HUSPENI, Judge (concurring specially)

I concur specially to emphasize the necessity of the accounting described in the final paragraph of the majority opinion. The trial court swept exceedingly broadly in ordering appellant to pay the sum of $30,000. Indeed, he presently may owe that sum and more pursuant to several provisions of the June 1991 decree as "revised" in the apparently unappealed order of December 1993. It is not at all clear from the record before us, however, that the order now on appeal adequately addresses the disbursement of the approximately $57,000 in insurance proceeds resulting from the homestead fire; nor is it clear how that disbursement affects balances remaining on respondent's nonmarital homestead equity, her interest in the insurance business, child support arrearages, and attorney fees. Moreover, the order now on appeal does not adequately account for the consequences of respondent's bankruptcy proceedings (which were technically voluntary, but according to the trial court were caused at least in part by appellant's nonpayment of the obligations placed upon him under the decree).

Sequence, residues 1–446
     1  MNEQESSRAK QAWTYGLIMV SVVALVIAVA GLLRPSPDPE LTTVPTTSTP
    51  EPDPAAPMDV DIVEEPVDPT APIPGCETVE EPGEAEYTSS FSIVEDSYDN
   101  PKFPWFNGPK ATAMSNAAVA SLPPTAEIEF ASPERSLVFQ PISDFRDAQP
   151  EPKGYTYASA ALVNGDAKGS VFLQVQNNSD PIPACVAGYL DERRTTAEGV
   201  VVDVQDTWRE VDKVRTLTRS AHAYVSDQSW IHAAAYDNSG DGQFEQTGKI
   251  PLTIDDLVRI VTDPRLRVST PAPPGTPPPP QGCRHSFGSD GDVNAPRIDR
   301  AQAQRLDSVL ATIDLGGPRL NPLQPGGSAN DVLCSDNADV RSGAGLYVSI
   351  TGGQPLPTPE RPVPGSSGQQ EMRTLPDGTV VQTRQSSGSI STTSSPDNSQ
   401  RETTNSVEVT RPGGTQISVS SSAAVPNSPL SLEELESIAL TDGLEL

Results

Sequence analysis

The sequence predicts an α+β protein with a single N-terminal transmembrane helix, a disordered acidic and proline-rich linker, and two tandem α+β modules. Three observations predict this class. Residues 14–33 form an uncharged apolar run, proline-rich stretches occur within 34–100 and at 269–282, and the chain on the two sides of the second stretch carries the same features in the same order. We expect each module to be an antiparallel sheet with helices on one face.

A remand for more specific findings would not be inappropriate here, but would almost certainly cause these parties to incur yet more financial and emotional costs. The accounting established by the majority should minimize those costs and should be conducted without delay. Hopefully the parties can reach agreement on the basis of that accounting and put an end to this litigation. In the unfortunate event that agreement cannot be reached, the trial court should engage in the painstaking process of documenting by appropriate mathematical calculations that the decree provisions were, indeed, only enforced and not modified by the order we now review.